- Gender expression and affirmation. Techniques that have a significant beneficial effect on quality of life and mental and emotional health, such as tucking and binding, can often also cause pelvic-floor pain or dysfunction.
- Bicycling. Sitting on a bike seat puts a lot of pressure on the pelvic floor. As a result, “cyclists tend to develop tight pelvic-floor muscles due to the biomechanics of cycling,” notes Brooke Cates, founder and CEO of The Bloom Method, a pre- and postnatal fitness program.
Symptoms of Pelvic-Floor Dysfunction
With so many factors affecting a naturally complex region of the body, it’s little surprise that pelvic-floor dysfunction doesn’t look the same for everybody. In fact, Preil says, there are two broad categories of dysfunction: At one end of the spectrum is pelvic-floor tightness, or overactivity; at the other end is pelvic-floor weakness, or underactivity.
A common symptom of tightness is often feeling like you need to pee. This happens because the muscles around the urethra (the tube that empties urine from the bladder) are tense and overactive. “The muscles never fully relax when you’re trying to urinate, so you constantly feel like there’s still more urine in the bladder,” she explains.
Or, you may be constipated — another symptom of overactivity — except it’s the muscles around your rectum (the last several inches of the large intestine) that are tight.
Some people with pelvic-floor tightness may also notice that they can’t stay erect during sex, says Preil. “Male sexual functioning is so dependent on blood flow, and if muscles are tight, it can restrict that blood flow.”
On the other end of the spectrum, a telltale sign of pelvic-floor weakness is urinary incontinence, or difficulty holding in your pee. “That’s when you have those experiences of running or jumping on a trampoline with your kiddo, and you pee yourself a little bit,” says Cates.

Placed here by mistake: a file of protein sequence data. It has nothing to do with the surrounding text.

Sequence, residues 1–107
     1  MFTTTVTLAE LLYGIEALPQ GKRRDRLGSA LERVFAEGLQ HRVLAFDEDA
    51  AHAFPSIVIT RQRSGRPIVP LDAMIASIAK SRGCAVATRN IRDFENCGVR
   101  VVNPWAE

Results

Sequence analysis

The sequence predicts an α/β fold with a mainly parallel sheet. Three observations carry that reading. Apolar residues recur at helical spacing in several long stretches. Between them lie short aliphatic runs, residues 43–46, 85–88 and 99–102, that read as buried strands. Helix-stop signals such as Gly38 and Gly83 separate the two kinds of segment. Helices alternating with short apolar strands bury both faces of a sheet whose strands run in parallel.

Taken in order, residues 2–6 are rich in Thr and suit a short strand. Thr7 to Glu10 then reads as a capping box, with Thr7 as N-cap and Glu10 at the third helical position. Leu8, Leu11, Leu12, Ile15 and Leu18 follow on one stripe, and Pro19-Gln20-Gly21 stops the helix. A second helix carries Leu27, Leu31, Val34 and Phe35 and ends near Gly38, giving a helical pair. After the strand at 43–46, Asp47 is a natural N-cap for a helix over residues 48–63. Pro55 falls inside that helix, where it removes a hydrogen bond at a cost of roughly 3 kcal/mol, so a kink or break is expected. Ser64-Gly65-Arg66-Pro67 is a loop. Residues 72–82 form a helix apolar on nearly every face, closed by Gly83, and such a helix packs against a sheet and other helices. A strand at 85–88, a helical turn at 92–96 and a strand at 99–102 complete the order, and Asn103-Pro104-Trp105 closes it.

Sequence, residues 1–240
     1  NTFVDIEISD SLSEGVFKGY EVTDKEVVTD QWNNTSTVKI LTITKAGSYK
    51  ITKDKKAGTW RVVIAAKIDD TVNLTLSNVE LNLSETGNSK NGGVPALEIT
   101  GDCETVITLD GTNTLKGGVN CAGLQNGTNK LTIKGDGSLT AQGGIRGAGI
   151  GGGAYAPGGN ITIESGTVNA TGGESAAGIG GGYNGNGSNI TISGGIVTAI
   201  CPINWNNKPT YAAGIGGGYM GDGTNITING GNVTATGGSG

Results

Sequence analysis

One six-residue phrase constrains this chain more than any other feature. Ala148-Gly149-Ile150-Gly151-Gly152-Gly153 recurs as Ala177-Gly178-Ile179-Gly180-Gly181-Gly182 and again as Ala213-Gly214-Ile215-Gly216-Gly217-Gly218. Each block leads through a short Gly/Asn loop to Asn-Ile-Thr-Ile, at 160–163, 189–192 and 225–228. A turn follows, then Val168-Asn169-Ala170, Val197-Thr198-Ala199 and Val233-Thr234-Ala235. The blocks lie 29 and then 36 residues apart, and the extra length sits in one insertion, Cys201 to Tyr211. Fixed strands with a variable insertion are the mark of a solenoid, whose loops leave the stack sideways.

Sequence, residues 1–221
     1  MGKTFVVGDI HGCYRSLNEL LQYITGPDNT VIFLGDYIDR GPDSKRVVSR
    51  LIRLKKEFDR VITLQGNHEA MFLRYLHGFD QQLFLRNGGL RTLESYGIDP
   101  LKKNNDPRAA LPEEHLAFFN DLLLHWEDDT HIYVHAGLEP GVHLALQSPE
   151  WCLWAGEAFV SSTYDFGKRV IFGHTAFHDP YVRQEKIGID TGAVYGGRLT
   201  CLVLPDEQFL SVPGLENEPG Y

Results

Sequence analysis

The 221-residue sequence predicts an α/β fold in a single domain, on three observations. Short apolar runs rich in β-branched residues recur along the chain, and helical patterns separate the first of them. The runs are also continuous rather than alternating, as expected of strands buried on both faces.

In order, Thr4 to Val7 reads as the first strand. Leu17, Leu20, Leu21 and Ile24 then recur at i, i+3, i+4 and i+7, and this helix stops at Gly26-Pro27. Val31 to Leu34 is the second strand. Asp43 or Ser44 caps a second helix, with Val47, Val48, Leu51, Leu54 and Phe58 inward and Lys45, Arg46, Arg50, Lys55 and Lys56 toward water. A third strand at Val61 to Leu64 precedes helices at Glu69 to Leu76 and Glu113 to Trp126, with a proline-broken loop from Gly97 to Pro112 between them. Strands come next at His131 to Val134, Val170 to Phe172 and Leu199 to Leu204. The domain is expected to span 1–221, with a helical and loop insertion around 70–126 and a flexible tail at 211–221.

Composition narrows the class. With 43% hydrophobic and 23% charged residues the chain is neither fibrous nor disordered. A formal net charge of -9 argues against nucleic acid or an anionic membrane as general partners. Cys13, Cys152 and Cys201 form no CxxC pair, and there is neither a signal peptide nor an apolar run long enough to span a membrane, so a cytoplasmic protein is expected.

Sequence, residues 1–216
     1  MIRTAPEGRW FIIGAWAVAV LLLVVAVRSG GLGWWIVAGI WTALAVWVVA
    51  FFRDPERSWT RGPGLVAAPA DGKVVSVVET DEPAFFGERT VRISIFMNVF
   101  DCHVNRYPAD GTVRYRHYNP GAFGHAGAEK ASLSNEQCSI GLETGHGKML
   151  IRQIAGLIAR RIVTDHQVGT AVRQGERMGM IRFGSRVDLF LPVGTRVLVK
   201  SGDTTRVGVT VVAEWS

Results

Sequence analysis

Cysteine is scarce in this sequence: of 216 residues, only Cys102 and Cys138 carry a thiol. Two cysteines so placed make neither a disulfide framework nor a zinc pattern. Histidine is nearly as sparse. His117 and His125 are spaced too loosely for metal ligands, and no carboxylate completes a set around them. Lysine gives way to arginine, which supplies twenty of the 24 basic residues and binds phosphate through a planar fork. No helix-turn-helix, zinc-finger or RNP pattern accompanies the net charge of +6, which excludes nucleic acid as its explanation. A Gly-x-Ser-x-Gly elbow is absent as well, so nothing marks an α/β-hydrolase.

Another symptom of weakness is pelvic-organ prolapse, which occurs when one or more pelvic organs (the uterus, bladder, or rectum) drop into the vagina or bulge into the anus, causing discomfort. “Women will report a feeling of fullness in the pelvic floor, almost like a tampon is only partially inserted,” Preil explains.
Cates notes that either category of pelvic-floor dysfunction could lead to the same symptoms; leaking urine, for instance, could be caused by tightness or weakness.
Moreover, Preil adds, people can experience both tightness and weakness at once. And it’s possible that one could lead to the other (i.e., if left unchecked, tight and overactive muscles can become weak).
3 Strategies for Improving Pelvic-Floor Health
There are myriad factors that can compromise the health of your pelvic floor, but there are just as many approaches you can take to lower the probability of experiencing issues. Use the following three strategies to keep these muscles healthy and functional for life.
1. Retrain your breathing.
A simple way to improve pelvic-floor mobility and function is to shift to diaphragmatic breathing. During a natural breath, “when you take a deep inhale, the respiratory diaphragm and pelvic-floor diaphragm both descend,” says Meagan Corrao, PT, DPT, a certified pelvic-rehabilitation practitioner and clinical specialist with Northwell Health Rehabilitation Network. On the exhale, they both rebound to their usual position.
To breathe diaphragmatically, focus on expanding your abdomen on the inhale, aiming to fill your ribcage and back. “Imagine if you were to blow air into a balloon, all parts of the balloon expand,” Rorabeck says. “When you breathe into your belly, think of the belly and the pelvic floor expanding together, like the balloon.” (Get step-by-step instructions below in “6 Exercises for a Healthy Pelvic Floor.”)